Last night my 6-year-old got so mad she had to go to bed that she started kicking and punching my husband, and screaming at the top of her lungs. "What is wrong with her?" I wondered. But after watching a short film called "Just Breathe," I realize that what I was witnessing was a very angry child who didn't have the tools to calm herself down in that moment.
"Just Breathe" is described on Amy Poehler's Smart Girls website, the mission of which is described as being "dedicated to helping young people cultivate their authentic selves," as a look at "how [kids'] emotions affect them and how they physically feel."
The 4-minute short from filmmakers Julie Bayer Salzman and Josh Salzman starts out with kids talking about things that make them mad, like a sibling hitting them, or another kid saying, "I don't want to play with you."
And then the kids describe what happens when they get mad, like that they get a headache, and their faces get red.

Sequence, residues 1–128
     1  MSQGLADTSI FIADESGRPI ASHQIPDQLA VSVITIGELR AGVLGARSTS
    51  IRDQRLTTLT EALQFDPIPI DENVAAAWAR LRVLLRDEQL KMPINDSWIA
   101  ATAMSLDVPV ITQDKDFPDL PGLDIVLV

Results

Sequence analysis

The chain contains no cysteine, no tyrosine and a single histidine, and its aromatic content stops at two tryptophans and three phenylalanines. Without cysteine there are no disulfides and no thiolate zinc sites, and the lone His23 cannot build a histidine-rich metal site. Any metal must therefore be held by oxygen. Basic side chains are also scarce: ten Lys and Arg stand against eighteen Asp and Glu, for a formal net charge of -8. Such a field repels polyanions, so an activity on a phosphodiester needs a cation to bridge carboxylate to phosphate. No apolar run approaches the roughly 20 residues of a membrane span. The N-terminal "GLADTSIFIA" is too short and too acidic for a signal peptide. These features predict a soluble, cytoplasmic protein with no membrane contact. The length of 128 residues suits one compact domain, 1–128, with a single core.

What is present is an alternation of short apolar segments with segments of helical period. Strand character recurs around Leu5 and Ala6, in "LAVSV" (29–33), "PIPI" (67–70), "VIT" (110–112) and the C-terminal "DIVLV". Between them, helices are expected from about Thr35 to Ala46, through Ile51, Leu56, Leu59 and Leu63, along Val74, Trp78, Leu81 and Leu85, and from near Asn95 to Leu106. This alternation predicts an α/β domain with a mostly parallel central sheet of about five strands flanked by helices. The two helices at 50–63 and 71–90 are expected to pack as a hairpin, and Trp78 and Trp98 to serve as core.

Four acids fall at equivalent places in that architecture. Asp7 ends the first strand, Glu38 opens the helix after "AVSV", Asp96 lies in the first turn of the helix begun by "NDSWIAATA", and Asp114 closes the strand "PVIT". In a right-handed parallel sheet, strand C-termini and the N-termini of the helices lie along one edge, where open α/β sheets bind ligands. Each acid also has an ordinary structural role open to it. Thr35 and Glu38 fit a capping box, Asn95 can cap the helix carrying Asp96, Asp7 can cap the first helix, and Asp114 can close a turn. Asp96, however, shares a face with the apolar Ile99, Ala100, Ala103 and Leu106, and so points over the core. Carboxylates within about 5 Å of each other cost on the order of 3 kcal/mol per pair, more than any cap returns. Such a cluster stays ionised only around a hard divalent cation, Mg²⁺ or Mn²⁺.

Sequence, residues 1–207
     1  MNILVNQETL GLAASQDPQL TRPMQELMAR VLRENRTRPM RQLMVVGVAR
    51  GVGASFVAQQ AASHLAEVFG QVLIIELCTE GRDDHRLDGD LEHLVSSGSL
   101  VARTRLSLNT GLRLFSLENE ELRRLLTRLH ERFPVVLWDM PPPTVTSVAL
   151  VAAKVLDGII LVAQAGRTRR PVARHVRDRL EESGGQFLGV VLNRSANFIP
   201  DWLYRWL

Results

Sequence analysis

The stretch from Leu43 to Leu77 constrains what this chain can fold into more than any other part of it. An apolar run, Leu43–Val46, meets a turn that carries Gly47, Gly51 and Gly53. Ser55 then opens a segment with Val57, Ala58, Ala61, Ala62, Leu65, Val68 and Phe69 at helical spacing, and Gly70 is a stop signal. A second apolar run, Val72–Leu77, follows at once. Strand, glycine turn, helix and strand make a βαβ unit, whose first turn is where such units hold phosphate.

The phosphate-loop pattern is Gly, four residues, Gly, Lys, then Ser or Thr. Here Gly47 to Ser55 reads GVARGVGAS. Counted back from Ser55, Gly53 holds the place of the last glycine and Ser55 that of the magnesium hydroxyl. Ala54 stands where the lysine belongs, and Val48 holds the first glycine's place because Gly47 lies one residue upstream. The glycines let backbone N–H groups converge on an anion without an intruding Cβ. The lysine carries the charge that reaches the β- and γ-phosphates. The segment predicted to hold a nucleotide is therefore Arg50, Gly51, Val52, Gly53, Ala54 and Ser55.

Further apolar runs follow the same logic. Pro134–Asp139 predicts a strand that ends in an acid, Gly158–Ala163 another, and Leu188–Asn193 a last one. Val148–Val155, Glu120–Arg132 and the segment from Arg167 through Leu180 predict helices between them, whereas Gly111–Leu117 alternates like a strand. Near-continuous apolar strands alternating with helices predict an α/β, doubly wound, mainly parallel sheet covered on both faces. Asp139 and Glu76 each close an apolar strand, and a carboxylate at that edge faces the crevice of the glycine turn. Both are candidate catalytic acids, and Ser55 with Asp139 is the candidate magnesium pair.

The kids admit it's easy for them to feel out of control.
Then, the video encourages kids to, well, just breathe. Hey, it works for me, a 37-year-old!
First, kids should find a quiet place, then try to relax, and breathe.
I will often tell my children to take deep breaths when they are angry or anxious. It's a small thing they can do to gain back their control, and avoid doing something they'll regret, liking hitting or punching Daddy.
Join the conversation on social media by using the hashtag #BeEmotionalInsideOut.
Do you think breath is an effective tool for angry kids?
Melissa Willets is a writer/blogger and a mom. Find her on Facebook, where she chronicles her life momming under the influence. Of coffee.